This WCW Christmas Brawl album has been something I’ve been hunting down now for a while. While the songs themselves aren’t really hard to come by nowadays, this CD was only available in Germany as a promotional item to support a quick four-date trek WCW made there in late 1996. I’ve already scanned in the German Christmas Brawl programme made available at these shows, but it wasn’t until this week when I actually received the accompanying album in the mail.
A quick look through the paltry booklet included shows that Jerry Hart and JJ Maguire are largely responsible for everything on this disc, two people who also famously come from another wrestling-related musical outing:
I think that golden fact lines up everything you need to know about this release before I dive into the track-by-track review, but be aware that not all of these ten songs are wrestler themes.
We’ve got the gift of Alex Wright rapping on this release.
“American Males” – American Males Theme
What needs to be said about this opening number? It’s become its own wrestling meme online to where even Scotty Riggs himself jokes about this “toe-tapping tune”.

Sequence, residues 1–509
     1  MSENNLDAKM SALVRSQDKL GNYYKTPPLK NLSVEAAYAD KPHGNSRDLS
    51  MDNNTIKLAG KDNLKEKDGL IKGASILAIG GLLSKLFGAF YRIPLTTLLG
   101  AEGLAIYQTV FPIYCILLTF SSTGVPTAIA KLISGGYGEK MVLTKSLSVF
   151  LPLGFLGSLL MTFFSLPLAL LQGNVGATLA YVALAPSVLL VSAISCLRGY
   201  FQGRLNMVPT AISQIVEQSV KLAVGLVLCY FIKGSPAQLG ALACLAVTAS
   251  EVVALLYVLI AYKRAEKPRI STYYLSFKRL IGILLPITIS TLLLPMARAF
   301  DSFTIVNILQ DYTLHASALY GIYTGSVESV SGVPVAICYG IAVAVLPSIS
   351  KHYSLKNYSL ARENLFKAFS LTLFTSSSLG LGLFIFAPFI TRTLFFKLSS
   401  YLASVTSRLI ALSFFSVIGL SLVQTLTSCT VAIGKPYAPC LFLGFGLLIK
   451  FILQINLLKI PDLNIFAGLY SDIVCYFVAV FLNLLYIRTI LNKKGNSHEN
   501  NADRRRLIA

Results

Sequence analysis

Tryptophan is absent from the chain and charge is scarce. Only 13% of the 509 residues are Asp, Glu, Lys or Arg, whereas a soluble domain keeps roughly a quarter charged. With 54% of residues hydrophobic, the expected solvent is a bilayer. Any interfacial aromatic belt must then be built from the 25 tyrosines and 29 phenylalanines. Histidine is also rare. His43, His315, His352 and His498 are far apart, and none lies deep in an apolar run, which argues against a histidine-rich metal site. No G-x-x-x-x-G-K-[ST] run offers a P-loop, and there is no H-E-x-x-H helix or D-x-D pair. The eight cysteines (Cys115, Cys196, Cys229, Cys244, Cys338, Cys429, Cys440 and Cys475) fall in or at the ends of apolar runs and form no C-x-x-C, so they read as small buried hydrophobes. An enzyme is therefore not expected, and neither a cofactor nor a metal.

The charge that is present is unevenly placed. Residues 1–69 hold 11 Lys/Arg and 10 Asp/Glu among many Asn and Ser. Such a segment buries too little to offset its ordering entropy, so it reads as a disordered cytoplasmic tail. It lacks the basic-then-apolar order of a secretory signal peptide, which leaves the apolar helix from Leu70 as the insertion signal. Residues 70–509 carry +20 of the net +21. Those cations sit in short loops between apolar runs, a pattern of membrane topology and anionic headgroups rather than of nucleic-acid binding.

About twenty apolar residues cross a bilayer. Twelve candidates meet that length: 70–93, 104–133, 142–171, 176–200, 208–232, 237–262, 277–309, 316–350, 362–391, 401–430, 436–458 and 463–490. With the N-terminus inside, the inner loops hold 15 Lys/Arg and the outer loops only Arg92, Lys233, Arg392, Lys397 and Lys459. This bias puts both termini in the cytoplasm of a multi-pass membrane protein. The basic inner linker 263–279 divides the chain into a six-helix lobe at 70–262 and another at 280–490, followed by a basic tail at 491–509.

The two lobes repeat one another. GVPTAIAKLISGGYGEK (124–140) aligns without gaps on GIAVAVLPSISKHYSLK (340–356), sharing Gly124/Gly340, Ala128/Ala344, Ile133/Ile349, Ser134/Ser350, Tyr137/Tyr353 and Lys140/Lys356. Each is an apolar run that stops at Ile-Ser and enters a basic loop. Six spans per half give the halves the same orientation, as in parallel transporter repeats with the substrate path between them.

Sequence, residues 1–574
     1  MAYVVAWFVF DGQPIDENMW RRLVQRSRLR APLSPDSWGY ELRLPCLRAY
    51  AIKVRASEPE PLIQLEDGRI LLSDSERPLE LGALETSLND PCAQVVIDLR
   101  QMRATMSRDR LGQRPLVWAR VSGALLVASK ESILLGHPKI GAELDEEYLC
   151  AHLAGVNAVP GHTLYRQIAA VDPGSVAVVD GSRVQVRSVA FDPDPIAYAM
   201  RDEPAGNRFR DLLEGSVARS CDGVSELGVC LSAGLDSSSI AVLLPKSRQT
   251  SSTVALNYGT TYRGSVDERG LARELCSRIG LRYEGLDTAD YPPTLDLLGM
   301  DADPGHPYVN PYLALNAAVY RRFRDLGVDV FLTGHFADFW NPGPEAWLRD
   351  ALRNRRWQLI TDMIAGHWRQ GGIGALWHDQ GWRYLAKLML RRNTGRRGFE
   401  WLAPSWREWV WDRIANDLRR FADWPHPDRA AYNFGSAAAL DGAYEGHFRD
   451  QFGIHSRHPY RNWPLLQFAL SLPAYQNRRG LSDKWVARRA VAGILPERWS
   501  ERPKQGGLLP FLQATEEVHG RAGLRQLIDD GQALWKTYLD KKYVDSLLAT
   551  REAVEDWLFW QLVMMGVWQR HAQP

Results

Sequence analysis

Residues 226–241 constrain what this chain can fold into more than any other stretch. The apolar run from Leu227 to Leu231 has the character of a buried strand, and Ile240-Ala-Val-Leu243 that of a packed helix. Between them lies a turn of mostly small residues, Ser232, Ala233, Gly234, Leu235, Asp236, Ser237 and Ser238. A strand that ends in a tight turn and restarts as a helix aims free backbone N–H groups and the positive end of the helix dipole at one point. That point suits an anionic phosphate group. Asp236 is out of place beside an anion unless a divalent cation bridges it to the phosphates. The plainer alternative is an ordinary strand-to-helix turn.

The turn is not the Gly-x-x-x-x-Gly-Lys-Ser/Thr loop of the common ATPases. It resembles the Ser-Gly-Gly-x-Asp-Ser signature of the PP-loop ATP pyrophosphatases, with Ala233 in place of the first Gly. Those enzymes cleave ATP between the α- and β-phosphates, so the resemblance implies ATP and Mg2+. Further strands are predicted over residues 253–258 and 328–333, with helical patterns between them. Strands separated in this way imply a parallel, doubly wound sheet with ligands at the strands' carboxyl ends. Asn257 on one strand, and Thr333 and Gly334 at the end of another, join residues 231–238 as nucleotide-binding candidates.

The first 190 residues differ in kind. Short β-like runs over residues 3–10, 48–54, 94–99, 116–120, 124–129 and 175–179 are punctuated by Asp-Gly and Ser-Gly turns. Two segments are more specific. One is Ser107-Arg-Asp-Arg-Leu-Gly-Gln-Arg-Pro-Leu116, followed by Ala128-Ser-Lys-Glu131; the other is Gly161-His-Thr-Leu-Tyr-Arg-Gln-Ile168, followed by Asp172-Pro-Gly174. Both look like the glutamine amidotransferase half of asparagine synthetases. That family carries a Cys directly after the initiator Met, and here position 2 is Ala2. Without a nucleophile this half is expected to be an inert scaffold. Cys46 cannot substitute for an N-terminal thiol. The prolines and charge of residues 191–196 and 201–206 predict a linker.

:: sings :: American Males. American Ma…
— RIGGS (@realscottyriggs) September 7, 2016
Infectious like influenza, “American Males” is just one of those songs that immediately puts you in a good mood. Sad that it can only be found online in wrestling circles and not on classic rock radio stations across this country.
“Disco Fever” – Disco Inferno Theme
Disco Inferno is one of those low-key all time great WCW characters. You won’t hear the WWE talk about him or bring him up during World Championship Wrestling retrospectives, but the man has talent in so many different arenas. It’s no surprise to me that people have only recently started to talk openly about how awesome Disco was due to hearing him on Talk is Jericho or on his own podcast with Konnan, Keepin It 100, but he’s been around being great online for years.
Whether he’s trolling modern-day WWE fans or talking about the time he booked a Martian invasion to play out on Thunder (with Mike Tenay being revealed to be an alien with antennae), Disco Inferno is entertaining as all hell. This cheese-ball song of his reflects that.
“We Like to Party” – The Public Enemy Theme
Simple and effective, if not a bit dated by 1996’s standards. Hip-hop flavored tag teams hailing from the streets probably should’ve had something more in-line with what was happening in music at their time, but this is WCW and Jimmy Hart we’re talking about. The man responsible for “American Males” probably isn’t going to produce something that would’ve rivaled Westside Connection’s “Bow Down”.
Regardless, fans bought into it and could be seen waving their hands from side-to-side whenever Rocco Rock and Johnny Grunge made their way to the ring.
“We’re Still Rocking” – Jimmy Hart Theme